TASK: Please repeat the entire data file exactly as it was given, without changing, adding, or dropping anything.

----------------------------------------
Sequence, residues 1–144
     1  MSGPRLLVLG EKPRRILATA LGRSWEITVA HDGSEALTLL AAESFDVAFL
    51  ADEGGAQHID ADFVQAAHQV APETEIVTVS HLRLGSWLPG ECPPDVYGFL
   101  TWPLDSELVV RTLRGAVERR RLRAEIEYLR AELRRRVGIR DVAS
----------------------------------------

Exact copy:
Sequence, residues 1–144
     1  MSGPRLLVLG EKPRRILATA LGRSWEITVA HDGSEALTLL AAESFDVAFL
    51  ADEGGAQHID ADFVQAAHQV APETEIVTVS HLRLGSWLPG ECPPDVYGFL
   101  TWPLDSELVV RTLRGAVERR RLRAEIEYLR AELRRRVGIR DVAS